With regard to England, Dein has always been passionate about the national team, supported by strong club sides and in this respect, his loss has been that of both Arsenal and the England team. At the moment, the Premier League is not an English league, it’s an international competition that happens to be in England. We won’t ever have a strong national side as the league is dominated by foreign owners, coaches and players who, quite rightly prioritise their clubs.

Share
. Reply . Category: Business Economics and Informatics . Tags: , , , , , ,

‘Amateurism’ to ‘Elitism’: An Exploration of ‘The Games’ with David Goldblatt

This post was contributed by James Fisk, graduate administrator at the School of Business, Economics and Informatics

olympia-1535219_1920For all of its successes, Rio 2016 came to embody many of the problematic and, at times, controversial aspects of the Olympic Games. From its roots in antiquity as an aristocratic pastime, to its re-emergence in Athens in 1896 as a ‘display of manly virtue’, the Olympics has always been at the nexus of political, social and ideological currents, as each era sees itself reflected  in the class, race, gender and sexuality of its athletic ideals. Its role in modernity has seen it both transcend and yield to international diplomacy and, successfully or not, has attempted to appeal to a ‘Universal Humanism’ above the fray of nation-state politics. It is this complex legacy that provides the context for award winning sports author David Goldblatt’s seminar ‘The Games: A Global History of The Olympics’, a lucid and sober assessment of the world’s preeminent sporting event.

The first in a series of seminars hosted by Birkbeck’s Sport Business Centre, Goldblatt spoke to an audience of eager students, academics and industry professionals on the topics covered in his most recent work ‘The Games: A Global History of The Olympics’. The public seminar series, hosted by Birkbeck, invites the leading academics, social, political and economic commentators, and sport industry professionals, to discuss the latest developments in their work and share them with the Birkbeck community, industry and the public.

Whose values?

With many of the shortcomings of Rio 2016 prevalent in press coverage of the event, the purpose and significance of the Olympics has never been under more scrutiny. Indeed, increased crime, poorly paid cleaning staff, and a multitude of other failed initiatives has created a kind of existential crisis around which set of values the Olympics are meant to represent; what kind of torch is being passed along? Is it the individualism of elite sports, the lucrative urban regeneration projects for the host or a broader and inclusive culture built on health and equality? Through a carefully curated study of the historic role played by the Olympics, David Goldblatt asked his audience to navigate a history as complex as it is iconic.

Starting with a consideration of how the modern games came about, inaugurated in 1896 after a near 2000 year absence and sporadic revivals, Goldblatt explored how the ‘amateurism’ clauses of the early games ensured only the privileged elite could participate. Whilst the fight for racial and gender equality at the games would be fought throughout the 20th Century, the working classes were carefully excluded by clauses barring anyone who had accepted wages for manual labour from competing. With a diverse audience of different genders, races, nationalities and ages, the audience shared a variety of perspectives in an open discussion that reflected on both the inclusive and exclusive nature of the event.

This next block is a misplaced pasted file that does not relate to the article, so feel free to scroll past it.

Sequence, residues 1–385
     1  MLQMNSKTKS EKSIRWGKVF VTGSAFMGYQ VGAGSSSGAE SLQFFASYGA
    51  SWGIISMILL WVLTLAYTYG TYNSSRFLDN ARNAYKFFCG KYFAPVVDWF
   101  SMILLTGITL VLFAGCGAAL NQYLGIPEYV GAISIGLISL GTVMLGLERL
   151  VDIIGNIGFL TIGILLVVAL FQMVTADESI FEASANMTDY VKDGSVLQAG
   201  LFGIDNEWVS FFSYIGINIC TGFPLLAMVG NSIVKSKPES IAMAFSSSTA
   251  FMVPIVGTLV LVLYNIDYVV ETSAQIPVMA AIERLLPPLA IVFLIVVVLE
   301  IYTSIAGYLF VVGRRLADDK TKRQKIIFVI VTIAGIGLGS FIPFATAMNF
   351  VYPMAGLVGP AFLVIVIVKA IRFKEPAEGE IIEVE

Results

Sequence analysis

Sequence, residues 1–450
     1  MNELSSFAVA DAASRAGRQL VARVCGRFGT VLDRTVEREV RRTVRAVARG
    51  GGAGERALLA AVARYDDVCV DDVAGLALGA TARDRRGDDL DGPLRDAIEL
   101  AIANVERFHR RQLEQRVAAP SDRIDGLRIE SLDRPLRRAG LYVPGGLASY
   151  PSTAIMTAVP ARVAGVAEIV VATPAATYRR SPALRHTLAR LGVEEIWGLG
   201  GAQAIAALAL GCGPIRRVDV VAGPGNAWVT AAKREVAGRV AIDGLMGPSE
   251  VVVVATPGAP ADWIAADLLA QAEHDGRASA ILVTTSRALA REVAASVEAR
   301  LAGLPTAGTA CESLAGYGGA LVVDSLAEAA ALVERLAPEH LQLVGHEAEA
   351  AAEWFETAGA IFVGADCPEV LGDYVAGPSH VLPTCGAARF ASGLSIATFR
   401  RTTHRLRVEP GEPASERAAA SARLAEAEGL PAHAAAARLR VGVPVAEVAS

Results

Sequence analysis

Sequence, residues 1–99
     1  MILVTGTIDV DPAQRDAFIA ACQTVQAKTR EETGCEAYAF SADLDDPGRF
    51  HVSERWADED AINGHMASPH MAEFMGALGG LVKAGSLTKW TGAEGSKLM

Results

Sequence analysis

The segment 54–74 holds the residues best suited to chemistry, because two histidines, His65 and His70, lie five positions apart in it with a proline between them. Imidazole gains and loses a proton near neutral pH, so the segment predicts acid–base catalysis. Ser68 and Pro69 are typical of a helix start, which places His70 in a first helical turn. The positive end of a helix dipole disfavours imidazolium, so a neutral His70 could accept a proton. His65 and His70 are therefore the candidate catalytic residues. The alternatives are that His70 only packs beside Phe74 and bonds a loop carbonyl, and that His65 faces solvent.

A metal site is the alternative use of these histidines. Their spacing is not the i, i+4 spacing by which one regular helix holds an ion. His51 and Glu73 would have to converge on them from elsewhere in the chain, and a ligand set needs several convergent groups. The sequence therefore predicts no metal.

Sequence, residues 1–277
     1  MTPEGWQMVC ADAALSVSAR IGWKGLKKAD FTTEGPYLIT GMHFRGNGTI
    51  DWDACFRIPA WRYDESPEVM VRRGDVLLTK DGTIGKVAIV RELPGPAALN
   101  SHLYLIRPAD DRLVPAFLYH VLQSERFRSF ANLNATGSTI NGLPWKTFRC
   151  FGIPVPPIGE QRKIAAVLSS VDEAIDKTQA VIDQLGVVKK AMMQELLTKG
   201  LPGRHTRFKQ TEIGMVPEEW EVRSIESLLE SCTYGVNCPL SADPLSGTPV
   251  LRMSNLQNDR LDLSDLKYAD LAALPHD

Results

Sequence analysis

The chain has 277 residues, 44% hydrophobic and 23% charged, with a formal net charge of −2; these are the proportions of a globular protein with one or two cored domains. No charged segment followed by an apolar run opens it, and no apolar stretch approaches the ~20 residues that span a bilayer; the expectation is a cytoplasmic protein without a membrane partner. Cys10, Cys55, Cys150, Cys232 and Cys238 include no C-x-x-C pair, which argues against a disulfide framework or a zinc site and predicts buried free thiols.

Trickle-down inspiration?

relay-race-655353_1920Britain’s success at Rio may well have caught the world by surprise, but Goldblatt discussed with the audience whether a medal tally really equates to success. Indeed, whilst elite British athletes hit new heights, breaking records and elevating their esteem, what can be said of the public’s access to sporting facilities? Is Britain’s sporting strategy merely an emulation of trickle-down economics? Should funding be directed solely to those that will achieve?

Much of the current narrative around Olympic success, particularly in Britain, is the notion that successful athletes will ‘inspire’ the next generation of gold medal winners. Indeed, to those of us interested in athletics but not blessed with superhuman capabilities, the notion that we’ll be inspired by elite individuals can seem like an empty platitude, particularly when local services face cuts and playing fields are converted into luxury apartments. But, crucially, we must ask whether this is the responsibility of the Olympics. Certainly, if it wants to be the international event it aspires to, representing a coming together of nations and peoples, then a holistic sporting culture should be the objective. Or, alternatively, are the Olympics our glimpse into the capabilities of elite athletes? Should we watch with awe comfortably from our sofas? Has the Olympics had its ‘Premier League’ moment?

Whilst an interrogation of what Olympic values really are and whether they represent the possibility of a ‘Universal Humanism’ will likely continue, Goldblatt invited his audience to consider broader questions about what sport represents, where it’s been and where it’s heading, connecting ‘The Games’ with the great political and social questions of our time.

You can learn more about the Birkbeck Sport Business Centre at their website and see upcoming events here. Next week (24th October) will be ‘Not Only Lewandowski: The State of Polish Football and Business Around it Four Years After Euro 2012’ and tickets are available here.

Share
. Reply . Category: Business Economics and Informatics . Tags: , , , ,